WASHINGTON — The federal deficit through the first four months of the budget year is running at a record-breaking pace even though the deficit in January was slightly smaller than expected.
The massive tide of red ink reflects the continued fallout from a deep recession and a severe financial crisis. It highlights the formidable challenges President Barack Obama will face in trying to get the deficit down to more manageable levels.
The Treasury Department said Wednesday that the deficit for January totaled $42.63 billion. That left the total of red ink so far this budget year at $430.69 billion, 8.8 percent higher than last year when the deficit soared to an unprecedented level of $1.42 trillion.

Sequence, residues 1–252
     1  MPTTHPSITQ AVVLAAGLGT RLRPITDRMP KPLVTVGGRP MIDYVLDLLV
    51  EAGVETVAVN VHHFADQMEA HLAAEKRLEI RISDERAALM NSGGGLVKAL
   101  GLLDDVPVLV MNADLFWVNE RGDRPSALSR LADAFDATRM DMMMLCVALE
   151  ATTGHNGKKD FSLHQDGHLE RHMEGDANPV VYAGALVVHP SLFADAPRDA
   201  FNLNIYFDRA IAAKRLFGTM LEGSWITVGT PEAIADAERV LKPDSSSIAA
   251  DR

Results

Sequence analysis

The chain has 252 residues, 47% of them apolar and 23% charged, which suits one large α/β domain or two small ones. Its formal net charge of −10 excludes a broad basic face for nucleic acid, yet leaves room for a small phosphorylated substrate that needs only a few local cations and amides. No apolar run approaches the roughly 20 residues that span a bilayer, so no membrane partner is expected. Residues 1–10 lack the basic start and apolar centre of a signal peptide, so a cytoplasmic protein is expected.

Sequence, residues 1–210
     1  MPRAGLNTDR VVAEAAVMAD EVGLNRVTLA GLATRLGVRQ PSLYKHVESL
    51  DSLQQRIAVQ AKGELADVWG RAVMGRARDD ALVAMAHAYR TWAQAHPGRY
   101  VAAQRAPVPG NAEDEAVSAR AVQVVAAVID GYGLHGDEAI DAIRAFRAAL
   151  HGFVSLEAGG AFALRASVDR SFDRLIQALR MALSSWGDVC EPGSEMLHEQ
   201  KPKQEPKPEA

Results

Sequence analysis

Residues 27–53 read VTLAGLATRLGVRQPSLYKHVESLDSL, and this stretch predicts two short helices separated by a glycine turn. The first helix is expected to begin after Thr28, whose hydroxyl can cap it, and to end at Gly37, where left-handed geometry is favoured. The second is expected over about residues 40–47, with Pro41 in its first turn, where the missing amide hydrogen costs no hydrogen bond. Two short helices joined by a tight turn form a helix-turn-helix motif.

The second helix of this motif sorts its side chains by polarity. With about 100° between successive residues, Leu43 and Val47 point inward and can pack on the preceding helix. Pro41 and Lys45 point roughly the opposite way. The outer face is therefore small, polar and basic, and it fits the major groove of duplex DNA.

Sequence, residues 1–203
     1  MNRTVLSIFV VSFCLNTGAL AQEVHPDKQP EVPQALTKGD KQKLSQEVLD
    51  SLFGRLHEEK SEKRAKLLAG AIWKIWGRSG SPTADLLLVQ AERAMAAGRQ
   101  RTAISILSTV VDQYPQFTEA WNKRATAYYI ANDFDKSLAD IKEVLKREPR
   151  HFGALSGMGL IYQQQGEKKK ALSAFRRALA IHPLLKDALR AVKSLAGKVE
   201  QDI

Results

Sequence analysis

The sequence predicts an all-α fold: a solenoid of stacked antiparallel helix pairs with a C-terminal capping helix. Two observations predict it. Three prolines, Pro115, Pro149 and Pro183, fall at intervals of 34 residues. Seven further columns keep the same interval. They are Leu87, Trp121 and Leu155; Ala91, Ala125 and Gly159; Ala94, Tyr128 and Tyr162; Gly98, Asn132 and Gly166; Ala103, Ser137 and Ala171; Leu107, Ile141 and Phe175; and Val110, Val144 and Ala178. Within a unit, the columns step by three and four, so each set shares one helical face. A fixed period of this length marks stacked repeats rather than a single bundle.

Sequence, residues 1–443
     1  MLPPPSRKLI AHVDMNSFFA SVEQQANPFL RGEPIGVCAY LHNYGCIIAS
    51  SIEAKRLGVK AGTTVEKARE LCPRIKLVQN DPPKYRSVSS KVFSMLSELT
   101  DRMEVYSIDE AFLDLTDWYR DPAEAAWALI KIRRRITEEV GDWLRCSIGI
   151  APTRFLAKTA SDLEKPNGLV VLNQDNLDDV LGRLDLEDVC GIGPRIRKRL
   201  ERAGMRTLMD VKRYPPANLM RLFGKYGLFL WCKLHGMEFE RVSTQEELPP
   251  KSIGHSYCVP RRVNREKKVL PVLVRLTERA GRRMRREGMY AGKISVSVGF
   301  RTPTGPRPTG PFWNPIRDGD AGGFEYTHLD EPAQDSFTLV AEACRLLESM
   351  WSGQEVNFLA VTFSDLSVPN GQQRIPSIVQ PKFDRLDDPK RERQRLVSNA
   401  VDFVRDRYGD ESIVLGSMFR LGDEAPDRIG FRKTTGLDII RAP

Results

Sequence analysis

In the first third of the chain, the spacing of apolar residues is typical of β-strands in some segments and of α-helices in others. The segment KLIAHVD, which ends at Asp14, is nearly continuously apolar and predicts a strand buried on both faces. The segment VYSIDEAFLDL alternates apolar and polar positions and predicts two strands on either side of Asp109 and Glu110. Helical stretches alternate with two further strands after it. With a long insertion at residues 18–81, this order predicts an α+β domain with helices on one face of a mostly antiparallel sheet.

Obama, in sending Congress a new budget plan on Feb. 1, projected that this year's deficit would hit $1.56 trillion and would remain above $1 trillion for three consecutive years. He forecast the 2011 deficit, for the budget year that begins next Oct. 1, would total $1.27 trillion.
The administration on Wednesday marked the anniversary of the passage of the $787 billion economic stimulus bill, maintaining that it has worked to stave off a second Great Depression while acknowledging that more must be done to put people back to work.
While Republican critics have attacked the stimulus spending as ineffective, Obama said it had kept up to 2 million people on the job and the government needed to do even more to fight an unemployment rate that currently stands at 9.7 percent.
However, the administration contends that it will begin to tackle the deficit problem beginning in 2011. In his budget, he offered a down-payment on deficit reduction,a three-year freeze on discretionary government spending outside of defense and homeland security.
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